Israeli and Palestinian security-controlled areas map-
Since the onset of the Annapolis Peace Process, there have been no changes in Israeli policy, and in fact a recorded increase in the num-ber of movement restirctions face by Palestinians in the West Bank.
According to the World Bank, the recession in the Palestinian economy since 2000 is “among the worst in modern history”. The restrictions on freedom of movement that Israel has imposed on Palestinians since the outbreak of the second In-tifada is the primary cause of the decline of the Palestinian economy and chronic increases in unemployment and poverty across the Occupied Territories. Examples of the fragmentation of the local Palestinian economy includes, but are not limited to: economic separation between the West Bank and Gaza, severe limitations on economic interaction with Israel, no access to mar-kets for vendors of perishable products, isolation of markets in East Jerusalem from the rest of the West Bank and a decline in investments due to uncertainty and inefficiency.
A report by the World Bank published in May 2007 stated that economic recovery and sustainable growth within the West Bank would ”… require a fundamental reassessment of closure practices, a restoration of the presumption of movement, and review of Israeli control of the population registry and other means of dictating the residency of Palestinians”.
Access to Health Care
Restrictions on the freedom of movement of Palestinians have seriously affected their access to medical care, including emergency medical treatment. The ability to reach medical care and healthcare is very uncertain and depends on a number of arbitrary decisions and restrictions.
Soldiers at checkpoints consistently stop ambulances and patients. The Palestinian Red Crescent Society, has reported 112 deaths and 35 stillbirths as a result of preventing medical personnel and patients from crossing checkpoints. The World Health Organization deplores “the incidents involving lack of respect and protection for Palestin-ian ambulances and medical personnel (…) as well as the restrictions on movement imposed on them by Israel, the occupying power, in violation of international humanitarian law”.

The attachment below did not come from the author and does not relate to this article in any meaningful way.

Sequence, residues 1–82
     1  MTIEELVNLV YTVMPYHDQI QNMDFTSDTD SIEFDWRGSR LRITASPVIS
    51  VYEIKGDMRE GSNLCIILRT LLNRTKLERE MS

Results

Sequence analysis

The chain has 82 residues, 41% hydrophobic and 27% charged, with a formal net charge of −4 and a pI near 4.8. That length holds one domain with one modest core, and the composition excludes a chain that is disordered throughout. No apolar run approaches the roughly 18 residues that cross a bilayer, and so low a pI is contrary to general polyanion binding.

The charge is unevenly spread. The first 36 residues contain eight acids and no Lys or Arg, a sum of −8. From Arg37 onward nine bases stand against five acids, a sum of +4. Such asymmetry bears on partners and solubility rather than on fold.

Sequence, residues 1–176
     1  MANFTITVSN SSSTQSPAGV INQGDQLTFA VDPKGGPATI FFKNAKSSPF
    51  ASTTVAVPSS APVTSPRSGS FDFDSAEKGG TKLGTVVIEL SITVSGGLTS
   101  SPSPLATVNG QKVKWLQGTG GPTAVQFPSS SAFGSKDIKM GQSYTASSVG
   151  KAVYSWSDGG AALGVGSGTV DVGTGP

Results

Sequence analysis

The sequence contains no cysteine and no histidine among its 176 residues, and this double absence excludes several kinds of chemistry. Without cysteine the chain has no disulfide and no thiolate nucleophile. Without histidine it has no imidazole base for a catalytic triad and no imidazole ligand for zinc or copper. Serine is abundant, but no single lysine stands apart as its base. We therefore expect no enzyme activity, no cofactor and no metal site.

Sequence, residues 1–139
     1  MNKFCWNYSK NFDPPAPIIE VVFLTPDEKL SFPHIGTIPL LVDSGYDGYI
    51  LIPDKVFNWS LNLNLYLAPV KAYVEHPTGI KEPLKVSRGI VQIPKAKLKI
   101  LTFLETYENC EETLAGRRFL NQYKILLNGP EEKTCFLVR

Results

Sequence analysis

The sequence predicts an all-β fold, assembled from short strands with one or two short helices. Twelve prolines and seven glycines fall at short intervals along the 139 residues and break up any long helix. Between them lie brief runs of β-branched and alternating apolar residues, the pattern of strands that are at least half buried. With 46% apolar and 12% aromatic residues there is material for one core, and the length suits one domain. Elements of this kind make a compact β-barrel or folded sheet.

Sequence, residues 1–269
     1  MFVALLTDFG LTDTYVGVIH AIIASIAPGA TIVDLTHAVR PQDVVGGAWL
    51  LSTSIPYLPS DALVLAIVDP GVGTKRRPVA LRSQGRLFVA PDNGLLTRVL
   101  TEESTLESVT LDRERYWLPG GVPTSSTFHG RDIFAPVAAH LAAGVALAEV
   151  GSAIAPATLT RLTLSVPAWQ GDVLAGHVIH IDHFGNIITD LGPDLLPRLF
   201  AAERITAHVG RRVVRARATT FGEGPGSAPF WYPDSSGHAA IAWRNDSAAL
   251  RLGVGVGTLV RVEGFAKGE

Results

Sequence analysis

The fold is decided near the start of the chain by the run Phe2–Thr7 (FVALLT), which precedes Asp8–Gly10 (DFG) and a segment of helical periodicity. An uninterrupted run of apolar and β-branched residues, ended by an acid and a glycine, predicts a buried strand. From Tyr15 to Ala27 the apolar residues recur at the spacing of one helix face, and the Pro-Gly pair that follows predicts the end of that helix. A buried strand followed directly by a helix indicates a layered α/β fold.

According to the World Health Organization, at least 71 women have given birth at check-points the the outbreak of the Second Intifada in September of 2000 to 2006. These women endure labor in some of the most unsanitary and inhumane conditions possible.
The risk to themselves and to their babies is grave.Out of these 71 cases recorded by WHO, 35 of the newborns have died and a total of five mothers have also perished. In all of the instances, whether the baby lives or dies, the mother carries deep emotional scars.
As is so often the case, the statistics vary from one source to another. The most recent reliable source has been the UN General Assembly, Annual Report of the UN High Commissioner from the 1st of February 2008, which states that by the time of the meeting, the number of women giving birth at checkpoints remained the same as the year before, i.e. 69 (paragraph 3). However, if you read further to paragraph 6, the report refers to at least 2 more births in December 2007 alone.
Furthermore, There is another case which has been reported to have taken place, but which has yet to be published in the findings of any human rights organization. In all of these cases, neither the state of th mother or the child is known.
The recent case of Halah Yousif, as reported by the Palestine Monitor in October of 2008, is only one example of how this cruel statistic unfolds. This young woman, who was diagnosed with a condition called Toxemia, was not allowed to pass the Erez checkpoint separating the Gaza Strip from Israel, and separating Halah and her child from desperately needed health care. Despite the fact that she had been granted permis-sion from the Israeli authorities to cross, she was not allowed by the border police.
As this book goes to print, we are awaiting news of the fate(s) of her and her unborn child. Though there is a chance that she has received the attention she needed on time, she is only one more story in this most disturbing of statistical categories.
Avoidable Death of Pregnant Women & Unborn at Israeli Checkpoints
Convention (IV) relative to the Protection of Civilian Persons in Time of War. Geneva, 12 August 1949.
Art. 16. “The wounded and sick, as well as the infirm, and expectant mothers, shall be the object of particular protection and respect”
In their home just outside of Bethlehem, a young couple, Farid and Nadia, put their son to bed. First-time parents, they tiptoe in and out of his nursery. The view from the window is dominated by the drab grey slabs of the Separation Wall, which stands just 20 metres from the house. ‘I fear that he will grow up thinking this is normal,’ Farid says.
Nadia is a Jerusalem ID holder. Farid, however, only holds a green West Bank ID card and is prohibited from owning property or driving a car in the district. ‘The night that my wife went into labour,’ Farid recalls, ‘we made our way to hospital. Because I wasn’t allowed to drive I had to sit beside her. She was in severe pain. I thought she was going to deliver in the car. At the checkpoint, we were made to wait. They wouldn’t allow us to switch so I could drive, although she was clearly in severe pain.’